Low-income black and Hispanic individuals who received four to six years of early intervention services were almost 50% more likely to earn a college degree by age 35 than those who weren't part of the program, according to the latest results of a longitudinal study of the Chicago Parent Centers (CPC).
Published this month in the Journal of the American Medical Association, the study, led by Arthur J. Reynolds of the University of Minnesota, Minneapolis, identifies some of the reasons why participation in an “established and large-scale” early-childhood program leads to higher educational attainment. CPC promotes “early cognitive scholastic skills,” which lead to better academic performance and stronger “school commitment.”
The parents’ involvement in the program, which includes participating in school activities, support groups and workshops, also contribute to “parenting behaviors” that support children’s success, and learning social-emotional skills, such as self-control, can mean young people are less likely to get in trouble and quit school.
While Reynolds’ most recent analysis focuses on degree completion, he notes that higher educational attainment is also associated with higher earnings, better mental health and less likelihood of criminal activity. “Given that educational attainment is the leading social determinant of health, findings demonstrate that school-based early childhood programs, such as the CPC program, have significant potential to advance life-course health and well-being,” he writes.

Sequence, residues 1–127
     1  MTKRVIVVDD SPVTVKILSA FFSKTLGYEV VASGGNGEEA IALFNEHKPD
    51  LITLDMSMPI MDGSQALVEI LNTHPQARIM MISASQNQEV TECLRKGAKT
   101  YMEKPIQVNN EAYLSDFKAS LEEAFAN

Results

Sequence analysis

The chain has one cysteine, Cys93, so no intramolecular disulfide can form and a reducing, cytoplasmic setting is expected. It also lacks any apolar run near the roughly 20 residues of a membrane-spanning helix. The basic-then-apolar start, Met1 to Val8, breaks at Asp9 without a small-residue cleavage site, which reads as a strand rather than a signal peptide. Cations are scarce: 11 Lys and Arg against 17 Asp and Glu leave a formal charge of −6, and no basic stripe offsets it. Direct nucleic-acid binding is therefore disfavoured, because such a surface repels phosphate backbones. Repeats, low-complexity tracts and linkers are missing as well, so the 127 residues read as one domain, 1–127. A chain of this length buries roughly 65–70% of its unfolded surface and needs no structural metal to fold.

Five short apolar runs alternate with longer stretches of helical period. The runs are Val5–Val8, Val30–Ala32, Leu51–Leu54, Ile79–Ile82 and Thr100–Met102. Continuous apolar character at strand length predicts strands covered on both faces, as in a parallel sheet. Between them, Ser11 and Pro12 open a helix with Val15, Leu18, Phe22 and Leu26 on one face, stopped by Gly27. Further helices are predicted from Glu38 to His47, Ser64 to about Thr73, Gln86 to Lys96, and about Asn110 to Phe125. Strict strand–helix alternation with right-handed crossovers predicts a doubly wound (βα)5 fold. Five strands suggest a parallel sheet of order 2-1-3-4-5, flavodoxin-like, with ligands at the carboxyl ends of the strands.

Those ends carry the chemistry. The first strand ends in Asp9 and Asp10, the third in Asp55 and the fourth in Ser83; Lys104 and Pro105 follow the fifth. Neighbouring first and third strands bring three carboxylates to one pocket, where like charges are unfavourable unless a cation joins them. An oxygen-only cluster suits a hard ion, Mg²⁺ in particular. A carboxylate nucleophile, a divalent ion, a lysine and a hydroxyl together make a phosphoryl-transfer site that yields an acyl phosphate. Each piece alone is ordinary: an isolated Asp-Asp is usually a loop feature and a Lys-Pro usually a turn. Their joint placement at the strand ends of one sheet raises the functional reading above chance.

The fact that children experience continuity in their education from preschool through the early grades is another important factor, notes Anisha Ford, an intern at New America who previously taught in a Chicago early-childhood program.
The results back up the position that beginning preschool at age 3 and continuing to provide wraparound support into the early grades, such as health and nutrition services, can lead to stronger educational outcomes later. In many districts, even if preschool is available for low-income children, those students might still attend kindergarten at a different site, which can make communication between teachers more challenging or even non-existent.
School leaders can improve these transitions, however, by creating transition teams that involve both early-childhood and kindergarten teachers. Principals can also form connections with directors of community-based early-childhood programs and participate in local early learning councils. Positive results have also been shown for summer transition programs targeting children who have not had preschool experience, but these programs have not been studied to the extent of models such as CPC.
-reprinted from Education Dive